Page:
Resilience is the ability to bounce back from the challenges and adversity that we all face in life. Some people naturally face adversity and deal with it, but even if you feel like you don’t deal with life’s hard knocks very well, the good news is that resilience is something that can be taught and learned.
What makes someone resilient?
A resilient person understands that pain, failure, and discomfort are part of life. Along with happiness, they are just some of the vast array of emotions we experience at any given time.
If we strengthen our resilience, it will not only make us much more emotionally balanced, but it can benefit our physical health too.
A study of 99 men at Harvard University found that the way they viewed negative life events (fixed and unchangeable versus temporary and able to be influenced) predicted the state of their physical health up to 35 years later.
How to strengthen personal resilience
When bad things happen, look for meaning
If you’re resilient, you’ll be able to find good things even in difficult situations. Every difficulty has the potential to teach you a life lesson. Resilient people have the capacity to feel sad about negative events, but they are also able to see what the event has taught them and what they have to be grateful for. If you aren’t resilient, you’re likely to only feel terrible if something bad happens.
But you can change this and respond in a more emotionally balanced way. You can do this by challenging negative thoughts and any negative self-talk. So instead of telling yourself ‘There’s no way I’ll get this job’ when you go for an interview, challenge the thought. What evidence is there to suggest you won’t get the job? Is what you’re telling yourself realistic?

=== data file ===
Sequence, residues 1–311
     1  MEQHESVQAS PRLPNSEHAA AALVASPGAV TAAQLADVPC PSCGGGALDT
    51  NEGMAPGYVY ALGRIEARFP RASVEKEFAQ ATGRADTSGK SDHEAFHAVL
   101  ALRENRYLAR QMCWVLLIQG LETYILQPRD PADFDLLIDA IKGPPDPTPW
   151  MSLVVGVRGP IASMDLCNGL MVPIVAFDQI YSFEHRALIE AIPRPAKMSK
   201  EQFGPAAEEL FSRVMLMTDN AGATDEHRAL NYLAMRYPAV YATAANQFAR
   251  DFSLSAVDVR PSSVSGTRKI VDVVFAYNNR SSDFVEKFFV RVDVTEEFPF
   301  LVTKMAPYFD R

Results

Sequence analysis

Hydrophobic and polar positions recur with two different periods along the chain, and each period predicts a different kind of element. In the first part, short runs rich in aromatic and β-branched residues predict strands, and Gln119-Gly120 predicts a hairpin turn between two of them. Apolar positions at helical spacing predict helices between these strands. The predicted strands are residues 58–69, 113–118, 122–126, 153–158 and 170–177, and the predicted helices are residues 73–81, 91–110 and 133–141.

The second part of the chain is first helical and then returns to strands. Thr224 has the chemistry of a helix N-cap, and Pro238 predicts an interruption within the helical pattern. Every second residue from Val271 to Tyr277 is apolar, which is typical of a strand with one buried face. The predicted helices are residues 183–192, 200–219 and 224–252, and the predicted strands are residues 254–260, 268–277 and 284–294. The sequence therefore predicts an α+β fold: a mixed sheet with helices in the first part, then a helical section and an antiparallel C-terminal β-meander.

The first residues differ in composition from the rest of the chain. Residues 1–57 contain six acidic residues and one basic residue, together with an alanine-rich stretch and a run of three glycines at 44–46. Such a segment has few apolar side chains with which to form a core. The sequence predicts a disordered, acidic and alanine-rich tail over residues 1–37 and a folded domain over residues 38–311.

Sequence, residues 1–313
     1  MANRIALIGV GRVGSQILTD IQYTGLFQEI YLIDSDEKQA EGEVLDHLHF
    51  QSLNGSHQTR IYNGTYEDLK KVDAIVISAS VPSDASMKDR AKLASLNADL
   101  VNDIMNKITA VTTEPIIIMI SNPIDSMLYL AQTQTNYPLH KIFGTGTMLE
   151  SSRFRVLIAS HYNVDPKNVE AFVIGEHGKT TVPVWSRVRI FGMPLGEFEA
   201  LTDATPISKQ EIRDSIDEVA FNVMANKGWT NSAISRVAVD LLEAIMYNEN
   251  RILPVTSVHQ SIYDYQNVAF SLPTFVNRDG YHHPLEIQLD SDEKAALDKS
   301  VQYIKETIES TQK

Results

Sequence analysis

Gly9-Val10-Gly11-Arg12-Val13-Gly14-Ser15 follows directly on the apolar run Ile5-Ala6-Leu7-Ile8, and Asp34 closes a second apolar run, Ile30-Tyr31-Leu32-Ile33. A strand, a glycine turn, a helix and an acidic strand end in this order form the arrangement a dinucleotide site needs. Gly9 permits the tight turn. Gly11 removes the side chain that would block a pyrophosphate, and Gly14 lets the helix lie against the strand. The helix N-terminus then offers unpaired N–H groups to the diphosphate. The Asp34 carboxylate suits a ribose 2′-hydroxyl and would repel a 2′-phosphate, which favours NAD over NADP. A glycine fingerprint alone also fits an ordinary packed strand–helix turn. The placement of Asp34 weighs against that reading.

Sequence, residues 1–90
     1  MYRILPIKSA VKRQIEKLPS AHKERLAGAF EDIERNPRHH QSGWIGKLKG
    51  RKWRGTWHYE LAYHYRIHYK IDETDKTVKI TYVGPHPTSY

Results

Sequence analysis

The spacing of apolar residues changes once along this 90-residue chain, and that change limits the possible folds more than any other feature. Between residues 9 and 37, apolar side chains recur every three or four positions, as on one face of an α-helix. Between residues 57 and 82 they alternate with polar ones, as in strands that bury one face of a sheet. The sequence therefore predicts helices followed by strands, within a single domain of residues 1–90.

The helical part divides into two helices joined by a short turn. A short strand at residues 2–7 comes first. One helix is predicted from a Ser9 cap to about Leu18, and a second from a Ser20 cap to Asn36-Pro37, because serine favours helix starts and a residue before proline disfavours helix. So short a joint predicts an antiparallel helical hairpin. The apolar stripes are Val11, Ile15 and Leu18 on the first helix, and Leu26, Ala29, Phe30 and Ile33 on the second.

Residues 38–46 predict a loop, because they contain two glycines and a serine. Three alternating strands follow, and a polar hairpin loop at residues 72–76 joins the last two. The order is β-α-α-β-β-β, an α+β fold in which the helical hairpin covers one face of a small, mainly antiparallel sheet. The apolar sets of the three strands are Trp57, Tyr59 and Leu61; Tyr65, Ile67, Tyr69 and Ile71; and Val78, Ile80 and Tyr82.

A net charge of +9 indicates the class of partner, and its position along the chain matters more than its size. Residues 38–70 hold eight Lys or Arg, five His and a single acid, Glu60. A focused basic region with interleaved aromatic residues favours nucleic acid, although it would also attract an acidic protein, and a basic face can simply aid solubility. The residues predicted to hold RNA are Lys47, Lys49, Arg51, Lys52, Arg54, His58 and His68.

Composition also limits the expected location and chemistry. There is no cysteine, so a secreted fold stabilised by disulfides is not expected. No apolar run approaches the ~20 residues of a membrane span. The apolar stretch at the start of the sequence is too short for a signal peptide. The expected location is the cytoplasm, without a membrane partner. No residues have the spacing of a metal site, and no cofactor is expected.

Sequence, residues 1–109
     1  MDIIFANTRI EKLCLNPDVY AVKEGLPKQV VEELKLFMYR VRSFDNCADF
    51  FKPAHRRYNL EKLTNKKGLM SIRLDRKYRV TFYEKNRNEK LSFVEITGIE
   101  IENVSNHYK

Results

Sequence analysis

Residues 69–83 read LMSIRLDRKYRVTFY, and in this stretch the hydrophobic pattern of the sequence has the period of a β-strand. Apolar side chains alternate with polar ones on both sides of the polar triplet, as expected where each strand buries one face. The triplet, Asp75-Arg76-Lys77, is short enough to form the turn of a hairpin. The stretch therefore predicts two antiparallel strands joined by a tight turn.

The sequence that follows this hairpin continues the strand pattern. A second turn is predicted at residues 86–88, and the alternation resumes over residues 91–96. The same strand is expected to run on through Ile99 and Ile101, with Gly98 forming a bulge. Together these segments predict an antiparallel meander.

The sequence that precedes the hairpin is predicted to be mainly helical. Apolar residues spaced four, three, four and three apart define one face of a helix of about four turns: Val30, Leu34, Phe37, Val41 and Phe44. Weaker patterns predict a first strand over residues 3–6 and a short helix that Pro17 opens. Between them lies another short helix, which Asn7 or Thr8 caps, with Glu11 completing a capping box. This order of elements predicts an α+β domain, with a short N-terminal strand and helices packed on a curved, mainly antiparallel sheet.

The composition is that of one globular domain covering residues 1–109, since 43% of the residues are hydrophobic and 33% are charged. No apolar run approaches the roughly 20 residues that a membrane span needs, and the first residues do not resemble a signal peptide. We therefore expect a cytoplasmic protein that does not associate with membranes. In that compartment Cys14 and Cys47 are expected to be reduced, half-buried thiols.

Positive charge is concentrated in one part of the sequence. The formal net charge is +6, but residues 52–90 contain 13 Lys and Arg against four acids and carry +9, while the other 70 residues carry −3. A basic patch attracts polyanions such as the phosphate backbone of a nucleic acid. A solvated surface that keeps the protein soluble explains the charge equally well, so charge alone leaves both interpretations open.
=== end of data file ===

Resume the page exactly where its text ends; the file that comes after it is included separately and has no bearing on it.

Build a good support network
Having the support of friends, family, and work colleagues is important if you want to be more resilient. Problems don’t seem as bad if you are able to talk about them and others can help you to keep perspective. And the effects of having a good support network don’t just benefit your mental health, they can boost your physical health too. A 2006 study found that having close friends can increase resilience against illness. The study of 3000 nurses with breast cancer found that those with 10 or more close friends were four times more likely to survive than those without close friends.
When you face adversity, being grateful for the good things in your life helps you keep some perspective. Try writing down 3 things you are grateful for every day for 30 days. You can also try drawing your attention to the things in your life that you might take for granted; a roof over your head, a loving partner, and a job you enjoy for example.
Expect change, and accept it
Change is a part of life, and so is sadness and loss. If you choose to move towards pain and cope with it instead of trying to eliminate or avoid it, you’ll be so much more resilient. Ask yourself how you can solve your problems and what you can learn along the way.
Look after yourself
If you’re physically well, your emotional health is likely to be a lot better and you’ll be more resilient. When you eat well, get enough sleep and deal with stress, you’re better able to bounce back from setbacks.
In terms of your emotional wellbeing, practicing mindfulness or meditating can help to lower stress levels and encourage clarity of thought.
Making time to do things you enjoy is another key to becoming more resilient. Choose active pursuits like going for a walk over sitting in front of the TV, because studies have shown that time spent in nature is good for the body and the mind.
Maureen O’Callaghan is a Member of the Chartered Management Institute and has an MSc in Mindfulness-Based Approaches. She works with organisations, teams, and individuals to create less stressful working environments, improve team working, enhance performance and productivity and develop leadership and management skills. For more information visit http://www.mocallaghan.co.uk or e mail email@example.com